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18 Vintage Photos From Prohibition

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Americans are fascinated by prohibition, as evidenced by the success of shows like Boardwalk Empire and the many movies based on Al Capone. But for all the discussions and reenactments of the period, it’s still rare to actually look back on photos from the period. Here are a few scenes from the fight against alcohol, courtesy of the Library of Congress.

The Road to a Dry America

The American Temperance Society started all the way back in 1826—almost 100 years before national prohibition. Within the following years, more groups popped up, including the Prohibition Party, formed in 1869, the Woman’s Christian Temperance Union, which started in 1873, and the Anti-Saloon League of America, created in 1893.

After the Prohibition Party formed, they started trying to get a president elected in their name –just like all American political parties do. Here is a picture of their sixth convention, held in 1892 at the Cincinnati Music Hall. Interestingly, while the party is still around, the 1892 convention led to the group’s most successful presidential election ever, securing their candidate, John Bidwell, 270,770 votes.

The most successful of all temperance groups was the Anti-Saloon League of America, which at one point was the most powerful lobbying group in the country.

The group’s sixteenth convention took place in Atlantic City in 1915, which is fun to look at these days, given that the same location is now the setting for a massively popular show about bootlegging. To view the full panoramic image, go here.

Of course, for some campaigners, getting prohibition passed in America wasn’t enough. They wanted the whole world to go dry. One of the most famous international prohibitionists was W.E. “Pussyfoot” Johnson. Unfortunately for Johnson though, not everyone was so excited to ban alcohol, and when he went to speak in London in 1919, he was captured by a mob of students and had to be rescued by the police. Here he is returning to America afterwards; you can see a larger version here.

Johnson’s career started to wind down at that point. Only two years later, he was booed off stage at two different venues in Canada. Despite the intimidation he received in London and Canada, he continued to tour the world speaking about prohibition throughout the rest of the twenties and then retired from public life in 1930.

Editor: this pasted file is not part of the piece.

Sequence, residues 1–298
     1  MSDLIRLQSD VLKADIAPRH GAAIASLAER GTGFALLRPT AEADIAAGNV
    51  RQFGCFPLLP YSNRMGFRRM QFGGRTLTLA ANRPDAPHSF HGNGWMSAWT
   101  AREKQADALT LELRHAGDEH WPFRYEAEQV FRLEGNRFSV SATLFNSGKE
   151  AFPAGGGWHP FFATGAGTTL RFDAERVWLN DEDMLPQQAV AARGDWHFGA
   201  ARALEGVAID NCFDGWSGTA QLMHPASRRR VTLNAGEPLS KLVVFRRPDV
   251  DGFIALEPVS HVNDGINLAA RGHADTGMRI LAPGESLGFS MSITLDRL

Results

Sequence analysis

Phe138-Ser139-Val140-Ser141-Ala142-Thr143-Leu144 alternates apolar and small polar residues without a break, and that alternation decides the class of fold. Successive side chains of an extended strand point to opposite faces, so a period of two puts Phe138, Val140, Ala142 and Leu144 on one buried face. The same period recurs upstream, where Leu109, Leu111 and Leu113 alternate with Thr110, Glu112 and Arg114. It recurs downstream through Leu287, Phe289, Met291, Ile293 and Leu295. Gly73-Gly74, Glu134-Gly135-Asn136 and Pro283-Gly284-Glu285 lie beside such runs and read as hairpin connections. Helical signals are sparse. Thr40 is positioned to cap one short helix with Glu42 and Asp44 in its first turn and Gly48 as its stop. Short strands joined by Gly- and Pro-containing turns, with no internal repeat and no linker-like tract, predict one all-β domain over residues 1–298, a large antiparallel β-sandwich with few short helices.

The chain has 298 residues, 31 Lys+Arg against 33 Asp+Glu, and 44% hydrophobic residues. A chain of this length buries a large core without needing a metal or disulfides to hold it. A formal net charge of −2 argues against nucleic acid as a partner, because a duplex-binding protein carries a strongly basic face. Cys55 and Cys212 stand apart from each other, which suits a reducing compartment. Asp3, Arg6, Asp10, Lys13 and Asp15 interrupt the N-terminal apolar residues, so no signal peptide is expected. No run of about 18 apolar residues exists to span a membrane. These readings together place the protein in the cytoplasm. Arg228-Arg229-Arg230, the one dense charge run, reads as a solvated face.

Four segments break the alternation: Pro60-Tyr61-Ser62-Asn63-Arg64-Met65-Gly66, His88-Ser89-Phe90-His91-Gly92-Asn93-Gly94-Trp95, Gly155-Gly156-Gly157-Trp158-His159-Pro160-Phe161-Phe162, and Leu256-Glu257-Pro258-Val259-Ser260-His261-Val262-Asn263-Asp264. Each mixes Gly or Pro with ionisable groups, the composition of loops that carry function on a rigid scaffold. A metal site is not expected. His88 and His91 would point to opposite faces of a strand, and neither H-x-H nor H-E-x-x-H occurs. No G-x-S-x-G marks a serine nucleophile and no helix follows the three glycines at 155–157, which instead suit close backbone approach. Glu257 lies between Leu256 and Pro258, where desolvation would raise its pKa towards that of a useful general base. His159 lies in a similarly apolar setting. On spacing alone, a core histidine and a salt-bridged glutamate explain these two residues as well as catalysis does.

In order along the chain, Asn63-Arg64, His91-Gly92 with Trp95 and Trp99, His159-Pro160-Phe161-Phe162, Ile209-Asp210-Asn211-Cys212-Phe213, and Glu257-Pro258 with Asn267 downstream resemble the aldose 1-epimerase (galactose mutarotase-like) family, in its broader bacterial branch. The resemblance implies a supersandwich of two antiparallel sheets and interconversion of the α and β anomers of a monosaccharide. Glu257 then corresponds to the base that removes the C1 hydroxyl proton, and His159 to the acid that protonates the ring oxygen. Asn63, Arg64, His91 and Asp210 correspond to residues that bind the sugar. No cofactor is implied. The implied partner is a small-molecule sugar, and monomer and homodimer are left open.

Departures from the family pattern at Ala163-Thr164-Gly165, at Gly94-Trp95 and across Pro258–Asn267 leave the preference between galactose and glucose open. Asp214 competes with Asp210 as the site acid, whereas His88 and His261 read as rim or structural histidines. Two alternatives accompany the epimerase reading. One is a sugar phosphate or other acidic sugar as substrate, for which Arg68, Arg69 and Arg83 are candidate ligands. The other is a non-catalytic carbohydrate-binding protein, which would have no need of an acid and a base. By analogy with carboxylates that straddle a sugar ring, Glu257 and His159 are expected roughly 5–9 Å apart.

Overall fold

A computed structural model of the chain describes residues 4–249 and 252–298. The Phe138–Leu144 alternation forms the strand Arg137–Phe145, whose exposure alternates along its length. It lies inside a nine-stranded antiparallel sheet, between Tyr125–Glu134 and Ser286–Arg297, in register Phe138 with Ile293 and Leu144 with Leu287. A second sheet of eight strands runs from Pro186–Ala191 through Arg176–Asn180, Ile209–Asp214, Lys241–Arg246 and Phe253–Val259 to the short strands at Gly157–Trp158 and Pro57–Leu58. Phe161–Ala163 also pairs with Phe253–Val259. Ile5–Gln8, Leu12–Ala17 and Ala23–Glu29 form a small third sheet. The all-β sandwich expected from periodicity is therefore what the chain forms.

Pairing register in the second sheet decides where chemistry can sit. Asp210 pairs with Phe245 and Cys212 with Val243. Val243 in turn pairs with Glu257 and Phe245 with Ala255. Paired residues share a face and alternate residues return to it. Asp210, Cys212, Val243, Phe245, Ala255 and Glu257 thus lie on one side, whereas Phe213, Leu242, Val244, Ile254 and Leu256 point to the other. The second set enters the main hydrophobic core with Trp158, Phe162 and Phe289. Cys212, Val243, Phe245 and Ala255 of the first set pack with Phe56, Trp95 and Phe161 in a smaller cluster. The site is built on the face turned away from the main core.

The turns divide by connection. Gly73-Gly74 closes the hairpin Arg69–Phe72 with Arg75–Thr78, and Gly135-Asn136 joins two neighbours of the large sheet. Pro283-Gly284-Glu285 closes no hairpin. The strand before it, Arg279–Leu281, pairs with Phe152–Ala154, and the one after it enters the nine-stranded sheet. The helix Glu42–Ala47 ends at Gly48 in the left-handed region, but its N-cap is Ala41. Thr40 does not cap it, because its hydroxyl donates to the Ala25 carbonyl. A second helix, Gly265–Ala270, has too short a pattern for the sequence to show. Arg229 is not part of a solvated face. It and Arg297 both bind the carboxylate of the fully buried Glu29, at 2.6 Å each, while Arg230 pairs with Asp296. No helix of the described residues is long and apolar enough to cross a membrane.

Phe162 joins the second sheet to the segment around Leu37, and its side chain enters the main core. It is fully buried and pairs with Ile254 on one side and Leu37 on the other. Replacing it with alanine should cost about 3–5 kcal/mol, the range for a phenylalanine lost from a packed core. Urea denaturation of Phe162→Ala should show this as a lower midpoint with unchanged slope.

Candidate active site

Politicians Taking Sides

While prohibition didn’t go into effect nationwide until 1920, many states had already outlawed alcohol within their borders. Indiana was one such state. In fact, Governor James Putnam Goodrich signed the act into law in 1917, captured forever in this image.

Of course, not everyone supported prohibition. These men made up the “Wet Block” of Congress, who worked to repeal the prohibition legislation as soon as it was passed.

While it is sometimes hard to illustrate a political position in one picture, Representative John Phillip Hill of Maryland did an excellent job of illustrating his intent to make America a wet country again.

Prohibition-supporter William D. Upshaw of Georgia had an easy enough time taking a photo rebuttal –he simply showed himself keeping the capital dry with the use of an umbrella. Upshaw was such a well-known supporter of temperance that he earned the nickname “the driest of the drys.” In 1932, he even ran as the presidential candidate for the Prohibition Party.

Playing Cat and Mouse

Before there were drug dogs, there were booze hounds, but not the kind you’re thinking of. These pooches were specially trained to sniff out alcohol, like the flask in this man’s back pocket. This image was more than likely set up and taken for the sake of news reporters, but the idea, thought up by Colorado probation agent Commissioner Haynes, was still quite ingenious.

Moonshiners developed some pretty clever tricks of their own though. These shoes were known as “cow shoes” because they would leave a series of footprints that looked like cow tracks, making it harder for prohibition agents to tell where bootleggers were going.

With stills occasionally being hidden in the middle of nowhere, like this one, you can easily see just how useful some cow shoes would be in trying to hide any trace of your illegal activities.

One of the most popular ways of getting good booze into the country was to sneak it in at night via boat. But not all rum-runners got away with it –here is one unfortunate crew being stopped by some very heavily-armed coast guards back in 1924.

A huge problem faced by prohibition officers though was the simple fact that people smuggling and drinking booze weren’t all big-time criminals or shady-looking street characters. In many cases, the people flouting prohibition were everyday, hard-working Americans who just wanted a drink or those who knew they could make a few extra bucks helping those who had a taste for the drink. In fact, these two sweet-looking Navy nurses were even arrested and tried for smuggling liquor into the country.

Accidents Waiting to Happen

While police preferred to catch bootleggers at their warehouses, all too often the arrests ended up involving car chases. Police chases are always dangerous, but because the vehicles involved lacked seat belts, power steering, anti-lock brakes and a variety of other safety features we take for granted, the results were often deadly.

This Stutz touring car was particularly poorly adapted for racing and the driver immediately passed away when the vehicle, traveling at seventy miles an hour, crashed into a tree. The liquor that wasn’t destroyed in the crash was seized as evidence.